As Samuel Savaria said this game needs to be done with a loop. I did like the way you said the two numbers added to 10, kinda gives you the answer but is nice. A few things I didn't implement in my program is hints, you could add another function that breaks numbers apart like you did for 8 + 2 = 10. You could add another function to count the number of guesses before you get hints, etc. This game is really fun and there are tons of things you can do with it. The obvious way would be with random class. Let me know if you have any questions regarding the code.

    import random

    def yes_or_no(question):
        while "the answer is invalid":
            reply = str(input(question+' (y/n): ')).lower().strip()
            if reply[0] == 'y':
                return True
            if reply[0] == 'n':
                return False

    name = input("Hello - what's your name? ")
    is_playing_game = yes_or_no("Would you like to play a game?")
    is_answer_correct = False

    if not is_playing_game:
        print("\nOkay - maybe next time! You can always type this to play the game:\n")

    # game loop
    while is_playing_game:
        random_num = random.randint(1, 100)
        print("\nGreat, let's get started!\n\nI'm thinking of a number between 1 and 100...")
        first_answer = input("Can you guess what number it is? ")

        while not is_answer_correct:
            # Number changed from string to integer.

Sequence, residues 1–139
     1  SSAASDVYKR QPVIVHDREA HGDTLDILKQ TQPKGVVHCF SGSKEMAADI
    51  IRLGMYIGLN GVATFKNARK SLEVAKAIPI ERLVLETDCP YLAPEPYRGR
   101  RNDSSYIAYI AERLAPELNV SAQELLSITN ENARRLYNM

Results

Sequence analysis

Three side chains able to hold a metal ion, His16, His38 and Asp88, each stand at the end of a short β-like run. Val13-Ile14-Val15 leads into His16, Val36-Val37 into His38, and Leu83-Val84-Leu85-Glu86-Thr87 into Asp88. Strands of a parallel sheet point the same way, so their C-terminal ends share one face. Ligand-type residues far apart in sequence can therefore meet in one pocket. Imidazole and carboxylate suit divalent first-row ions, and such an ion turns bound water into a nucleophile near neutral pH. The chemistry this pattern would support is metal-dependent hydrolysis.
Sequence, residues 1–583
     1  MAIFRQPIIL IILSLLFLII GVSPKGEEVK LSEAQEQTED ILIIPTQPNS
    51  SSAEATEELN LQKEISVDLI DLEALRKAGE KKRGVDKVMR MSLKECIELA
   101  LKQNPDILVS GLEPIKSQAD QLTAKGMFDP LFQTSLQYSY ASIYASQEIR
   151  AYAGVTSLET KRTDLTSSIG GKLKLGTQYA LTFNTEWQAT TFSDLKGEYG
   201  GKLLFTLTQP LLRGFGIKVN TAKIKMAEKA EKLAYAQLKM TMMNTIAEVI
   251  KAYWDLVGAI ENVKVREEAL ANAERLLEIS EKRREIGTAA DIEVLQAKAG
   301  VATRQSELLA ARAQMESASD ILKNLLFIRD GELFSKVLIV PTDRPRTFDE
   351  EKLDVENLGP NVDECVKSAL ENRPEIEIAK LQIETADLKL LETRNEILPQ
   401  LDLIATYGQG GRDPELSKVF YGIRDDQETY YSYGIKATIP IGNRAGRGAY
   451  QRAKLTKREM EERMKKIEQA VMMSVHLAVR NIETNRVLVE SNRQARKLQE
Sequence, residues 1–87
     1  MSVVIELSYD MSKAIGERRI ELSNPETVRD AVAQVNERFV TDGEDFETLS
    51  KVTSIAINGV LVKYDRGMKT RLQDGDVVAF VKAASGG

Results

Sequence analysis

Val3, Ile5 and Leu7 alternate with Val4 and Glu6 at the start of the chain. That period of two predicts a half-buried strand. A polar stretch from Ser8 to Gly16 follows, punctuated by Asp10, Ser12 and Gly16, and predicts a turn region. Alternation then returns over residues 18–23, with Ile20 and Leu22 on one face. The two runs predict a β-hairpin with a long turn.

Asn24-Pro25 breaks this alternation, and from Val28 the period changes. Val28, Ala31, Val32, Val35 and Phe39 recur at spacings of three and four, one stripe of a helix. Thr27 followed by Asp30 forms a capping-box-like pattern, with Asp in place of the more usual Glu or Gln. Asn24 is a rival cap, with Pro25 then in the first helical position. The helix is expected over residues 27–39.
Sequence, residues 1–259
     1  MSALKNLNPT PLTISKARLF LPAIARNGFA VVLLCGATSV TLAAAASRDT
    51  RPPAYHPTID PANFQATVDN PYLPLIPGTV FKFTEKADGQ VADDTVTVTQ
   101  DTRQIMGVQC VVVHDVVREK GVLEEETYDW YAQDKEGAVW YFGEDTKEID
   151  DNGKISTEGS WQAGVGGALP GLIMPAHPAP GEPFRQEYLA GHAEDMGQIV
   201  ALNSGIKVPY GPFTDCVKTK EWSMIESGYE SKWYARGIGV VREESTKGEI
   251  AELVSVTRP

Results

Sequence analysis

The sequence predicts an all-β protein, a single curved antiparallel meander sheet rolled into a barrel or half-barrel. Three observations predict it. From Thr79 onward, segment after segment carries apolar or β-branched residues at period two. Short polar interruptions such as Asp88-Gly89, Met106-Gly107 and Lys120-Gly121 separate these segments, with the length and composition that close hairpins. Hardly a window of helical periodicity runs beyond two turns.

first_answer = int(first_answer)

            # Determines if the number picked by user is random_num, higher, or lower; if incorrect - gives hint.
            if first_answer == random_num:
                is_answer_correct = True
                print("\nWay to go! That's the number I was thinking of!!!\n")
            elif first_answer > random_num:
                print("\nGood guess - but not quite! The number I'm thinking of is less than that.")
            elif first_answer < random_num:
                print("\nGood guess - but not quite! The number I'm thinking of is higher than that.")
            else:
                print("\nThat's not a valid guess; the number I'm thinking of is between 1-100\nTry again!")

            first_answer = input("Can you guess what number it is? [options: exit] ")

            # break out of inner while loop
            if first_answer == "exit":
                is_playing_game = False
                break

    print("Thank you for playing {}".format(name))
boi
boi
8,669 Points

hey guys!!, Nice game chandelor! ....... Fernando, sir your program is giving several indentation errors.